If there is one thing that is going to sink New Zealand’s prospects in the mid to long-term future, it sure won’t be anything to do with a government stuffed-full of industry-friendly, buffoonish ministers avoiding the hard issues.
No siree. Nup. Instead, as I see it, a bigger problem is looming. It’s a major, but none of us have cottoned onto it yet, probably because many of us can’t afford to see lawyers for more than a 15 minute, $1500-a-time basic document signing.
Opponents took their chance during Question Time to hammer the Prime Minister over the role he played in his lawyer’s lobbying of the government.
Source: 1 NEWS
But those who have, say, an offshore investment – or an offshore investment industry – to protect, are the victims of this continuous crime, perpetrated by the legal fraternity.
That is, our lawyers have a habit of making stuff up, and not only that, putting their damn-fool lies in sloppily-written emails.
I mean, if five years-plus of studying every technicality of the law can’t prepare you to brief officials in two cogent sentences, quit your damn post and take a job at Burger King already.
And that’s a message to all lawyers; to the best asset-protecting legal mind working for the Prime Minister downwards.
In fact, it’s aimed directly at the Prime Minister’s lawyer Ken Whitney. It’s emerged this week that it was Ken’s ambiguous, confusing email that’s dumped the Prime Minister in the excrement in a way that’s totally unfair.
Check it. Ken said: "We are concerned that there appears to be a sudden change of view by the IRD in respect of their previous support for the [foreign trusts] industry.
"I have spoken to the Prime Minister about this and he advised that the Government has no plans to change the status of the foreign trust regime."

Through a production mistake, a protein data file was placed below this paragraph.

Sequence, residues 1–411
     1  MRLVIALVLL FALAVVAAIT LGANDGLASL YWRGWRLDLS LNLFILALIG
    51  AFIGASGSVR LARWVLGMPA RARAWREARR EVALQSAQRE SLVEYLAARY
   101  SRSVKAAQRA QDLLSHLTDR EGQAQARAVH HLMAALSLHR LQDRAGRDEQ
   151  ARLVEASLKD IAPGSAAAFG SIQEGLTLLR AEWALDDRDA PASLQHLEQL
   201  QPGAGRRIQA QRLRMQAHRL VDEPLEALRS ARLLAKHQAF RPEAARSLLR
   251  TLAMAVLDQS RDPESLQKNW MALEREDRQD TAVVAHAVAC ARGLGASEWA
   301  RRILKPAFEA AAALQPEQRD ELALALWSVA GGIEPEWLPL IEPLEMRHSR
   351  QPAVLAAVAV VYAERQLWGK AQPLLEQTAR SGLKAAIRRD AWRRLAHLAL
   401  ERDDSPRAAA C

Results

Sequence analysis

The pressure stays on John Key over documents released by the Green Party over a review into foreign trusts.
Wow, way to misinterpret a conversation, Ken. What the Prime Minister actually said to his own personal lawyer who works as a lobbyist for foreign trust companies was “go and talk to junior minister Todd McClay about this, because I know jack sh*t about it”.
(He says he told McClay that he was referring his lawyer to him about it, but McClay didn’t remember that bit. Unsurprisingly! He’s a busy guy.)
That’s not to say John Key hasn’t previously championed New Zealand’s pioneering, world-beating position in the ‘legitimate’ world of tax-avoiding foreign trusts, and doesn’t mean he hasn’t his own intimate understanding and use of various financial instruments that maintain and grow taxed and untaxed wealth.
It just means he knew nothing much about a review underway by one of his own agencies into foreign trusts, is all.
So, to cadge a timeline from Hansard: Key’s personal lawyer writes to revenue Minister Todd McClay claiming that the Prime Minister had told him that foreign trusts would stay protected; shortly thereafter, Todd McClay immediately meets the Prime Minister’s personal lawyer and says that foreign trusts will be protected; and, finally, Todd McClay directs the Inland Revenue Department (IRD) to drop its existing review of foreign trusts.
True as it goes, but clearly all a misunderstanding; the fault of a mindless email written by someone who supposedly understands the English language, and the law.
Fix your email etiquette and basic comprehension please, New Zealand lawyers, before you cause any more uncomfortable questioning around Parliament.